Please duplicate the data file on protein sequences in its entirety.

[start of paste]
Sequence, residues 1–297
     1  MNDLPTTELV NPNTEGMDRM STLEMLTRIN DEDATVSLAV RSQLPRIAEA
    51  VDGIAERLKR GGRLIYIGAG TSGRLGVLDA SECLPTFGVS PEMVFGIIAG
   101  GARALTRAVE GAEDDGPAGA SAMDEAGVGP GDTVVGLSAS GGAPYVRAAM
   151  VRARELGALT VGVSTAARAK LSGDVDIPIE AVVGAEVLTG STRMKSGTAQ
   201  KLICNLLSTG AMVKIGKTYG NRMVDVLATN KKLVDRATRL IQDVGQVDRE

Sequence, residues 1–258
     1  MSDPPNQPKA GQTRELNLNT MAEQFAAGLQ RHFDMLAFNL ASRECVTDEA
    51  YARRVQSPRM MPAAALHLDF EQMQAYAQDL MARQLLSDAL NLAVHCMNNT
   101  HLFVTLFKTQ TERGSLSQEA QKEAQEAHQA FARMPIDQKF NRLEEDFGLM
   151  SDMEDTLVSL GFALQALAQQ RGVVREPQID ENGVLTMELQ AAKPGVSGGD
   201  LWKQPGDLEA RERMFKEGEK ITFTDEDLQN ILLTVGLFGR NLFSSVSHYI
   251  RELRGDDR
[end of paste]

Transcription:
Sequence, residues 1–297
     1  MNDLPTTELV NPNTEGMDRM STLEMLTRIN DEDATVSLAV RSQLPRIAEA
    51  VDGIAERLKR GGRLIYIGAG TSGRLGVLDA SECLPTFGVS PEMVFGIIAG
   101  GARALTRAVE GAEDDGPAGA SAMDEAGVGP GDTVVGLSAS GGAPYVRAAM
   151  VRARELGALT VGVSTAARAK LSGDVDIPIE AVVGAEVLTG STRMKSGTAQ
   201  KLICNLLSTG AMVKIGKTYG NRMVDVLATN KKLVDRATRL IQDVGQVDRE

Sequence, residues 1–258
     1  MSDPPNQPKA GQTRELNLNT MAEQFAAGLQ RHFDMLAFNL ASRECVTDEA
    51  YARRVQSPRM MPAAALHLDF EQMQAYAQDL MARQLLSDAL NLAVHCMNNT
   101  HLFVTLFKTQ TERGSLSQEA QKEAQEAHQA FARMPIDQKF NRLEEDFGLM
   151  SDMEDTLVSL GFALQALAQQ RGVVREPQID ENGVLTMELQ AAKPGVSGGD
   201  LWKQPGDLEA RERMFKEGEK ITFTDEDLQN ILLTVGLFGR NLFSSVSHYI
   251  RELRGDDR